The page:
I have always been an avid student of social issues. During my time in prison, I have continued my studies of politics, economics, and the American culture as these topics affect the distribution of prosperity and the eradication of poverty. I have researched countless volumes on economic theory, including numerous tomes on suggested business strategies from the past to the present day. I’ve found most of them too aggressive, mechanical and sterile for my predilections. I prefer a more organic humanistic approach as do most of the younger generations. Not until I read Mr. Hsieh’s book have I found a more succinct and poignant description of the evolving cultural mindset that is changing the way companies should be run.  The Zappos model lays out the direction corporations must take if they are to remain dynamic and flexible enough to weather the increasingly volatile economic storms of the coming century.

I was very impressed by Tony’s approach to business, both novel and refreshing when compared to the thinking of the past few decades. Somehow he has been able to retain his personal values, refusing to compromise his principles in the face of extraordinary pressures to conform to conventional techniques. He has even been able to radiate those values outwardly to the people with whom he built the Zappos success. Repeatedly, he emphasizes that his passion is not simply about earning money or beating the competition, but about building fluid organizations and architecting(sic) memorable experiences ( to use his words).  I commend him on his ability to remain true to his ideals while negotiating the typically vicious arena of the marketplace. On many occasions, he refused to bite the lure of immediate gain, walking away from the big money to devote himself to the long term goal. He is obviously inspired more by the prospect of creating something new and exciting than chasing after the emptiness of the mere bottom line or simple social status.

Over the coming days and weeks, I’d will continue to expound on the impact of Delivering Happiness. Stay tuned!!!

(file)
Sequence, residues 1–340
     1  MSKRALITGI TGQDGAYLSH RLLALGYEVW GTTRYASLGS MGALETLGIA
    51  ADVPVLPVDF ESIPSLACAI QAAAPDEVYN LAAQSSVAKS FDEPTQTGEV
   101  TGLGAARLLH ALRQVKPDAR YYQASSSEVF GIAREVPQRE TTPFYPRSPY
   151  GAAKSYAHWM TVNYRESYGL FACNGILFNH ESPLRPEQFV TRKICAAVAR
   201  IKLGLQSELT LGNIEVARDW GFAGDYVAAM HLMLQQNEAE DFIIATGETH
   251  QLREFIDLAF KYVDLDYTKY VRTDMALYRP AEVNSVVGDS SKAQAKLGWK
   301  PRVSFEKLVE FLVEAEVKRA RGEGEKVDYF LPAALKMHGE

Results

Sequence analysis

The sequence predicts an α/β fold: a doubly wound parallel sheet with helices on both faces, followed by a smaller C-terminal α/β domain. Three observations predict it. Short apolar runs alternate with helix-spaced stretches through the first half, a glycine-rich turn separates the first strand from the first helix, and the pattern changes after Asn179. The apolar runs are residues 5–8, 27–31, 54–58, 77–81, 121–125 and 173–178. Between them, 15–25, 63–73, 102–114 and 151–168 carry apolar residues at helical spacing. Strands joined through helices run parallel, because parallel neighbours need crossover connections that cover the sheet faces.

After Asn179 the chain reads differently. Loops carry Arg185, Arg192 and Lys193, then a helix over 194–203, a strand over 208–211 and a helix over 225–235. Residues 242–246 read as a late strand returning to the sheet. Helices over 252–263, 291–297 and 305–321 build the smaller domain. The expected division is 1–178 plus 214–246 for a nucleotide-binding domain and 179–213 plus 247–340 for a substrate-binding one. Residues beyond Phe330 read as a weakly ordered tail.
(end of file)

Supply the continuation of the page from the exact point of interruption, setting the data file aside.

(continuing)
~ submitted by Osten Ryker

"Happyness" : Happiness with a ‘Why’

I have a habit a collecting lots of business cards from people I have met over the years. After all, “your network determines your net worth”, right? But recently while cleaning up my office, I noted that only a small percentage of these “contacts” ever become “connections”.
As a result, I am creating a Rolodex of all the people with whom I share core values, those I enjoy being around – the people that being around makes me Happy.

This idea that having fundamental principles and core values upon which to build relationships, businesses, and even one’s life is not so novel, in and of itself, but to witness this idea driving a company from nothing to over $1 billion in gross merchandise sales in less than ten years is quite remarkable.

It’s been nearly 6 wks since I received two advance copies of the new book by Tony Hsieh, Delivering Happiness: A Path to Profits, Passion, and Purpose. I was honored to have the opportunity to share with each of my readers my honest review of the book. If you have never heard of Tony Hsieh, read on.

In 1999, at the age of 24, Tony Hsieh (pronounced Shay) sold LinkExchange, the company he co-founded, to Microsoft for $265 million. He then joined Zappos as an advisor and investor, and eventually became CEO, where he helped Zappos grow from almost no sales to over $1 billion in gross merchandise sales annually, while simultaneously making Fortune magazines annual Best Companies to Work For list. In November 2009, Zappos was acquired by Amazon.com in a deal valued at $1.2 billion on the day of closing. His first book, Delivering Happiness will be released on June 7.

Here’s an excerpt:

When I ask people [What is your goal in life?], I get a lot of different answers. Some people say they want to start a company. Others people say they want to find a boyfriend or girlfriend. Others say they want to get healthy.
Whatever your response is, I’d like you to think about your answer to the follow-up question:
Depending on what they said before, people might say they want to retire early, or find a soul mate, or run faster.
Again, whatever your response to the previous question was, I’d like you to ask yourself:
The next set of answers people give might be so they can spend more time with their family, or get married, or run a marathon.
What’s interesting is that if you keep asking yourself “Why” enough times, you’ll find yourself arriving at the same answer that most people do when they repeatedly ask themselves why they are doing what the are doing: They believe that whatever they are pursuing in life will ultimately make them happier.

Sharing this excerpt, I was reminded of the opening scene in one of my favorite movies, The Pursuit of Happiness, Chris Gardner (played by Will Smith) told the daycare owner that “happyness” was misspelled saying there was no “Y” in ‘happiness’. Well, we came to learn the “why” driving Chris’ pursuit of happiness – his son. And as Tony writes in what is now one of my favorite books, “In the end, it turns out that we’re all taking different paths in pursuit of the same goal: happiness.”

Delivering Happiness may not make you prompt you to create your own “Happy Rolodex”, but for anyone who still dreams dreams, this book is for you. The personal stories and insights into Tony’s paths and lessons connect with readers from all walks and experiences. Delivering Happiness
demystifies the tenets of success and delivers in tangible terms.